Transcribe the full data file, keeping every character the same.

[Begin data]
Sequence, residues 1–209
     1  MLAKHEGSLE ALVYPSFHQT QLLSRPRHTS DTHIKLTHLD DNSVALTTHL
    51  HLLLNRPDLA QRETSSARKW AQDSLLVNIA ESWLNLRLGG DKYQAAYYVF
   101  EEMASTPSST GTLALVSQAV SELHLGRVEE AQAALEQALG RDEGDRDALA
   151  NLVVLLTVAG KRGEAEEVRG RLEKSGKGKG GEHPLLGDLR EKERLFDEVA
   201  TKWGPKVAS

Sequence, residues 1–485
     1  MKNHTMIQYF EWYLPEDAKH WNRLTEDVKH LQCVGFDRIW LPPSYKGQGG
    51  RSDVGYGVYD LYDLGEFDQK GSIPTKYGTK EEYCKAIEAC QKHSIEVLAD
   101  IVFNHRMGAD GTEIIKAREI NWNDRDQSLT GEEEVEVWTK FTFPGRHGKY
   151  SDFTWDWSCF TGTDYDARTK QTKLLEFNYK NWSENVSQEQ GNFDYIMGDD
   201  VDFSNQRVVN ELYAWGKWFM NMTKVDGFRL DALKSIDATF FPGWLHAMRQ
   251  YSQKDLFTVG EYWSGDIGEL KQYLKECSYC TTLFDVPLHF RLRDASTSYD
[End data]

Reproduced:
Sequence, residues 1–209
     1  MLAKHEGSLE ALVYPSFHQT QLLSRPRHTS DTHIKLTHLD DNSVALTTHL
    51  HLLLNRPDLA QRETSSARKW AQDSLLVNIA ESWLNLRLGG DKYQAAYYVF
   101  EEMASTPSST GTLALVSQAV SELHLGRVEE AQAALEQALG RDEGDRDALA
   151  NLVVLLTVAG KRGEAEEVRG RLEKSGKGKG GEHPLLGDLR EKERLFDEVA
   201  TKWGPKVAS

Sequence, residues 1–485
     1  MKNHTMIQYF EWYLPEDAKH WNRLTEDVKH LQCVGFDRIW LPPSYKGQGG
    51  RSDVGYGVYD LYDLGEFDQK GSIPTKYGTK EEYCKAIEAC QKHSIEVLAD
   101  IVFNHRMGAD GTEIIKAREI NWNDRDQSLT GEEEVEVWTK FTFPGRHGKY
   151  SDFTWDWSCF TGTDYDARTK QTKLLEFNYK NWSENVSQEQ GNFDYIMGDD
   201  VDFSNQRVVN ELYAWGKWFM NMTKVDGFRL DALKSIDATF FPGWLHAMRQ
   251  YSQKDLFTVG EYWSGDIGEL KQYLKECSYC TTLFDVPLHF RLRDASTSYD